The Consumer Financial Protection Bureau (CFPB), under the direction of President Trump’s appointee Mike Mulvaney, is withdrawing from its role of protecting consumers from predatory lending practices. The CFPB was created to correct the abusive practices of banks, payday lenders, student loan servicers, and other financial institutions, but under the Trump administration, the bureau has made a dramatic shift in its policies. The burden now shifts to consumer lawyers and private litigants to step into that void with the resolve and determination to protect the public from predatory lenders and to prevent further harm.
There is an ongoing power struggle for control over the CFPB. In November 2017, the CFPB’s director, Richard Cordray, an Obama appointee, resigned and designated his deputy, Leandra English, as his successor. That same day, President Trump appointed Mike Mulvaney as the bureau’s acting director. Mulvaney was no stranger to the CFPB. Two years earlier, Mulvaney noted during a congressional hearing, “I don’t like the fact that CFPB exists, I will be perfectly honest with you,” and soon thereafter, Mulvaney co-sponsored a bill to eliminate the CFPB. This is the man currently running the agency. However, the District of Columbia Court of Appeals on Wednesday, January 31, 2018, held that the leadership structure remains independent of Trump’s appointment powers, and that same court will hear an appeal by English to halt further action by Mulvaney as the agency’s acting director.
The change in the CFPB’s leadership will determine the course and future of the agency. Presuming Acting Director Mulvaney remains at the helm of the CFPB, the future of the agency looks bleak. In a recent filing with the Federal Reserve for the operating budget of the CFPB, Mulvaney requested that the Fed allocate no new funds to the agency. Mulvaney has indicated that the CFPB is going to dramatically scale back its efforts to protect the public through enforcement actions. Instead, under Mulvaney, the CFPB will focus on a critical examination of its own policies and practices, eliminating regulations and generating new rules.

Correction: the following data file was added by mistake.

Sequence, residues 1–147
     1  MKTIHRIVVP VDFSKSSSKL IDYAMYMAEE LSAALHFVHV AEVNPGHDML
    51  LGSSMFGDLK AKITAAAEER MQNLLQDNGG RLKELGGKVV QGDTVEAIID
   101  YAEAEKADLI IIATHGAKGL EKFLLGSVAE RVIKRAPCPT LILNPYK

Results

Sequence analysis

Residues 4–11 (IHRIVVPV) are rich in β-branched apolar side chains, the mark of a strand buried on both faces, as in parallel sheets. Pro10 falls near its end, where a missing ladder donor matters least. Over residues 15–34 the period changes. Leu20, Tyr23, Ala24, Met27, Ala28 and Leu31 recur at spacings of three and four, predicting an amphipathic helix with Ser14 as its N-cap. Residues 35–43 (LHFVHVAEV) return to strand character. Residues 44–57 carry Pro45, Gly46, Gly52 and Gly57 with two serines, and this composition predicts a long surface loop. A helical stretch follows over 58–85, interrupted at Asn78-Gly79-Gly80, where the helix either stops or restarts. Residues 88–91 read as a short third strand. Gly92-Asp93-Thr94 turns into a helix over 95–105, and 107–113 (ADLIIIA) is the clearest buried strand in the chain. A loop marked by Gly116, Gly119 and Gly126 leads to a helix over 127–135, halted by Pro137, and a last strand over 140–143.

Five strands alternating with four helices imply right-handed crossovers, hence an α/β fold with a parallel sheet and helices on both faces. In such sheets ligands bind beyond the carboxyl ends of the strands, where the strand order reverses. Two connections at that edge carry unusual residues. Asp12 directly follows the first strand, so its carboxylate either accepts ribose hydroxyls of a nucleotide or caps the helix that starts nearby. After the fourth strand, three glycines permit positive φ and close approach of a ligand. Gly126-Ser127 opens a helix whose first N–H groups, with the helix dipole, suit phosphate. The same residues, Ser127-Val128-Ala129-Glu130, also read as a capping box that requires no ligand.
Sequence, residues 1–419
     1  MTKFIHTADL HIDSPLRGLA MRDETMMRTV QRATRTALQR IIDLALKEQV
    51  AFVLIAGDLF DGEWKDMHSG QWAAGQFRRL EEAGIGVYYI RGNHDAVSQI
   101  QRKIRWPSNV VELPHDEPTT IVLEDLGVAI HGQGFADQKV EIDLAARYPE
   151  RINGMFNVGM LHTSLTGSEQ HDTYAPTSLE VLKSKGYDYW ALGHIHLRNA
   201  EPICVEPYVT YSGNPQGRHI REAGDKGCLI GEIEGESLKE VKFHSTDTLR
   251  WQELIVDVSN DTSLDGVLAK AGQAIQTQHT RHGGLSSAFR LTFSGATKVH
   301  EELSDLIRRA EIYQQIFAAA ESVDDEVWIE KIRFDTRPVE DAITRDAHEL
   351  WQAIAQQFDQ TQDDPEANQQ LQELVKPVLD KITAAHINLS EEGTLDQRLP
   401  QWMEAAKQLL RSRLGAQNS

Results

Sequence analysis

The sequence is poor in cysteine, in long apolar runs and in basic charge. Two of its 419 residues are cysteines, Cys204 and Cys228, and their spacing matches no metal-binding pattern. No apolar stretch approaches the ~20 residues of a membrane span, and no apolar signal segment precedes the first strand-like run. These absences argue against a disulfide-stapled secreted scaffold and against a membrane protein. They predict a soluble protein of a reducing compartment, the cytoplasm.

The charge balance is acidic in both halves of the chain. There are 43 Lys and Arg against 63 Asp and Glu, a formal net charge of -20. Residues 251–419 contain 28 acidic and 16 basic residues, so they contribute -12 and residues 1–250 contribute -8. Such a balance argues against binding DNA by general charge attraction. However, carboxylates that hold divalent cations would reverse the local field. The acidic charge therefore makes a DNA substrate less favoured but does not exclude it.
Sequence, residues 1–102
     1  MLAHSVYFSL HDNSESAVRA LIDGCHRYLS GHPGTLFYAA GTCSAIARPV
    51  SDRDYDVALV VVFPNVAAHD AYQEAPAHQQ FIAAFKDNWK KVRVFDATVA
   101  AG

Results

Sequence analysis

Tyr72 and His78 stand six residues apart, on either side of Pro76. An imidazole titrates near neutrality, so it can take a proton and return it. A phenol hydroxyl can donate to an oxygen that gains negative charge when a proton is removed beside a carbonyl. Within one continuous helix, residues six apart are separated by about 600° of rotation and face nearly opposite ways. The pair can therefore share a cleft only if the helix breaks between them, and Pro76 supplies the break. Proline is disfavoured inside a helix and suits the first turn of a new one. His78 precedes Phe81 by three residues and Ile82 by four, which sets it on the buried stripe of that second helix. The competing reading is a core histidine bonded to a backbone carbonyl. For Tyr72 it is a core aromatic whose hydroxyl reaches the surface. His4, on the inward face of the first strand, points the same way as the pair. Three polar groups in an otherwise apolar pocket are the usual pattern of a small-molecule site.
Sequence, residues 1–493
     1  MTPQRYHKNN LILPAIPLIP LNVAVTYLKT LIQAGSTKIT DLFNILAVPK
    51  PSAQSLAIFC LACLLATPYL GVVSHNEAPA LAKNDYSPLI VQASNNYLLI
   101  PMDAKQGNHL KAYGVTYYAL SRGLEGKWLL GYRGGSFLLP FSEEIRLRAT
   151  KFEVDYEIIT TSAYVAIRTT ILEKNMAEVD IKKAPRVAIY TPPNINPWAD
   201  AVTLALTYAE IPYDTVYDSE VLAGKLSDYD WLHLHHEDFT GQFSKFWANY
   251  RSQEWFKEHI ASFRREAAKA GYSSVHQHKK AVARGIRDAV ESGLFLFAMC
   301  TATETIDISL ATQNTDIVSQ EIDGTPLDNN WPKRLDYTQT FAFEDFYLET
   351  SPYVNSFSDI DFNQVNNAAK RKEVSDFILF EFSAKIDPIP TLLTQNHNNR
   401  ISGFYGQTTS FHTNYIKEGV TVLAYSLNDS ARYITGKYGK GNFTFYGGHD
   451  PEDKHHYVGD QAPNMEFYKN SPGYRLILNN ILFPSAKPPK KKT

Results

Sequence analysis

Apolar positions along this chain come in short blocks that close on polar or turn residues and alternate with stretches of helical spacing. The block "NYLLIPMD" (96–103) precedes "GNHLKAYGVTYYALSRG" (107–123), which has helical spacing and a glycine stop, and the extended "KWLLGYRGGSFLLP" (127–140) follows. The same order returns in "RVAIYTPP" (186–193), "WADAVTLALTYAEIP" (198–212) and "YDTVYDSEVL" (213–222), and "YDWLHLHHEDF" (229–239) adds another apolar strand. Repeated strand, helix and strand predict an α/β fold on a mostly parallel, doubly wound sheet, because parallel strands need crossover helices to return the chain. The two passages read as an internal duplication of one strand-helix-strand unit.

The name of the agency demonstrates that its purpose is safeguarding consumers from predatory lending practices. Mulvaney, however, recently told CFPB employees that it actually serves the interests of the lenders as well as consumers: “We are government employees. We don’t just work for the government, we work for the people. And that means everyone: those who use credit cards, and those who provide those cards; those who take loans, and those who make them; those who buy cars, and those who sell them.” Perhaps Mulvaney envisions that the word “Lenders” should be added to the agency’s name, Consumer [and Lenders?] Financial Protection Bureau.
Nowhere is the problem more apparent than with government oversight and enforcement actions against abusive payday lenders. “Payday lenders” attempt to circumvent state and federal laws so that they can make short term loans with annual percentage rates that range between 440% to 950% of the loan amount. For example, a typical loan contract on $800 requires the consumer to repay a total of approximately $3,320 over the course of ten months. These abusive lending practices are clearly in violation of state and federal laws. Before Mulvaney assumed the role of acting director, the CFPB was actively seeking to shut down such lending practices through new rules and through lawsuits against such predatory lenders. In recent weeks, however, the CFPB has announced that it is reconsidering its rule to curb payday lending. Further, the CFPB has dismissed one of its prominent lawsuits against four payday lenders.
So, what does this mean for the future of consumer protection? The public now, more than ever, must rely upon lawyers to take up the challenge of righting the wrongs done to consumers. Where, as here, the government no longer protects its citizens, law firms, such as Caddell & Chapman, lead this fight for consumer protection and remain vigilant to protect the public.